Andrew Rosindell is a member of the Cornerstone Group, a group within the Conservative Party that describes itself as believing in "the spiritual values which have informed British institutions, our culture and our nation's sense of identity for centuries, underpinned by the belief in a strong nation state.". Their website includes articles on Conservative and Christian political issues.
Faith based Adoption Agencies
In 2007, Andrew Rosindell signed Early Day Motion 742 calling on the government to exclude "faith based" adoption agencies from the Equality Act to avoid such agencies being forced to consider gay couples.
On 6th May 2008, Andrew Rosindell voted against a Lords amendment to abolish the common law offences of blasphemy and blasphemous libel. The amendment was nonetheless passed by a vote of 378 to 57.
Animals in Medical Research
In 2006, Andrew Rosindell signed Early Day Motion 1850: Animals in Medical Research which noted that "animal research is only permitted where there is no better alternative and that pain and suffering are minimised and balanced against the potential benefit to humans and animals", supported "the building of the new state of the art biomedical research laboratory at Oxford University", condemned "unlawful animal rights extremism, including any violence, harassment or intimidation of those associated with lawful animal research", and supported "the well-regulated use of animals in medical research".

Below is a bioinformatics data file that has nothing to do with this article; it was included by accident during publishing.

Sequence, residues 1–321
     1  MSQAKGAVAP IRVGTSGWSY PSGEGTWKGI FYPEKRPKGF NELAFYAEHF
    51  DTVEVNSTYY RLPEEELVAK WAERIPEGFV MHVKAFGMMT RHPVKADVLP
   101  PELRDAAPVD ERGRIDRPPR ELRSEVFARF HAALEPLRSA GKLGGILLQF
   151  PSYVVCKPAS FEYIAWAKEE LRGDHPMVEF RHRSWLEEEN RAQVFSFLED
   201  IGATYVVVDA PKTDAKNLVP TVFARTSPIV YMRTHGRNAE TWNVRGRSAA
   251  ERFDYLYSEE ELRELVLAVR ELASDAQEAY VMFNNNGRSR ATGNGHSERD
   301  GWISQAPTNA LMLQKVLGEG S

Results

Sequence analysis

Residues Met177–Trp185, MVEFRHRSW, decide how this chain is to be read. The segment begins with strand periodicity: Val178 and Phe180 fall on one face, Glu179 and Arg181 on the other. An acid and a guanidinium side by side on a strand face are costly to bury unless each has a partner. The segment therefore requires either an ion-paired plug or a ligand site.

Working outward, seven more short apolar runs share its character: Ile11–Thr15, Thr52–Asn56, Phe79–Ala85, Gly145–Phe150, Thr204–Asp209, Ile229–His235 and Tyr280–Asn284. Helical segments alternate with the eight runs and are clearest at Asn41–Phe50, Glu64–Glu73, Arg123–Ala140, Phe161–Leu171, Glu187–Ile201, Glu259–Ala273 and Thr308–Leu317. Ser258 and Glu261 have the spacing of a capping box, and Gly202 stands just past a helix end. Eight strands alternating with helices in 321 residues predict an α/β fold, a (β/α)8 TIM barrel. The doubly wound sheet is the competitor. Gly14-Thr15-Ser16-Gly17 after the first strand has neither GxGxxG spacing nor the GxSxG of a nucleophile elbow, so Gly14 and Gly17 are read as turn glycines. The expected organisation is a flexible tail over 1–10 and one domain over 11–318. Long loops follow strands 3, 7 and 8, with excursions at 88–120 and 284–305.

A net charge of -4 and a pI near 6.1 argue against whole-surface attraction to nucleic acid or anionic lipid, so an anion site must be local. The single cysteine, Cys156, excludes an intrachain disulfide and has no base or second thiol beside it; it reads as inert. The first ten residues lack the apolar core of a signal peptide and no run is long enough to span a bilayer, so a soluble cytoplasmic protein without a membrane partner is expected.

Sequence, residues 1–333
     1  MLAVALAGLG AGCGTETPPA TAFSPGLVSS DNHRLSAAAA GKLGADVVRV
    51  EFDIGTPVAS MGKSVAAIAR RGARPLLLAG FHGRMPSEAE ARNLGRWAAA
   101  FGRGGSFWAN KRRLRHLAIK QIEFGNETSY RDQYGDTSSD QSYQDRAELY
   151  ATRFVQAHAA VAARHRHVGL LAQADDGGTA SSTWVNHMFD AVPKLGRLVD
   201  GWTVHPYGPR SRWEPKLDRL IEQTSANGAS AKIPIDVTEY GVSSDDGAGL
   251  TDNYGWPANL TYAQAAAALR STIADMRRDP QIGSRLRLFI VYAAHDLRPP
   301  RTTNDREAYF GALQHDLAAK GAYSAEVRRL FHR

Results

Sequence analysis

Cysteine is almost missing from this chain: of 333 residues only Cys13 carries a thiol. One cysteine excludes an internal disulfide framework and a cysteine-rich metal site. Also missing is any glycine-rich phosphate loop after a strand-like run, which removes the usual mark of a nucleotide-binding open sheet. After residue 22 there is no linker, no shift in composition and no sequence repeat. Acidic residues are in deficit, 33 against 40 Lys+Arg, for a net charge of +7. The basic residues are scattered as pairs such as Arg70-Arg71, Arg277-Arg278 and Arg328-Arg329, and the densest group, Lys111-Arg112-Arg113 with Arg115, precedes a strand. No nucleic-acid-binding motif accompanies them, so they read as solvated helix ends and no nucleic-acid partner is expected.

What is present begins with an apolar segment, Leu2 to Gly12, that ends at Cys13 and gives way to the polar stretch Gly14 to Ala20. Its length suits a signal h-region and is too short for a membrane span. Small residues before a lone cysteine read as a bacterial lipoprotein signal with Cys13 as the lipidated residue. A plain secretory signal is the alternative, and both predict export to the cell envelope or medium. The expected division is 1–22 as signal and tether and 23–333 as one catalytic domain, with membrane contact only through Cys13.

Andrew Rosindell has signed a number of Early Day Motions indicating that he agrees that climate change is occurring and is primarily due to the release of greenhouse gases. Recent examples include: EDM 98: Climate Change (signed November 2007), EDM 1019: Climate Change And Energy Production (signed March 2008), and EDM 1010: Green Energy Bill (signed May 2009).
Health and Abortion
Mr Rosindell voted for Nadine Dorries’s amendment to the Health and Social Care Bill on 7 September 2011, which was ultimately defeated by 368 to 118 votes. This amendment would have stopped BPAS and Marie Stopes from providing counselling for women with unwanted pregnancies and allowed ‘independent’ counselling including that provided by faith-based organisations.
In May 2011 Mr Rosindell voted in favour of Nadine Dorries' Sex Education (Required Content) "10 minute" Bill. The Bill stated that "such education must include information and advice on the benefits of abstinence from sexual activity". It was criticised for only applying to sex education for girls, not boys, with critics also pointing to evidence that abstinence-only sex education (which does not necessarily lead to abstinence itself) does not protect young people from unwanted pregnancies or STIs (although this was not a bill advocating abstinence-only sex education, it would have meant that the only required elements of sex education would be basic information on reproduction, plus this new content on abstinence, with further content being up to the individual school). The Bill passed its first reading by 67 votes to 61, but had little chance of becoming law and was withdrawn in January 2012 shortly before its second reading.
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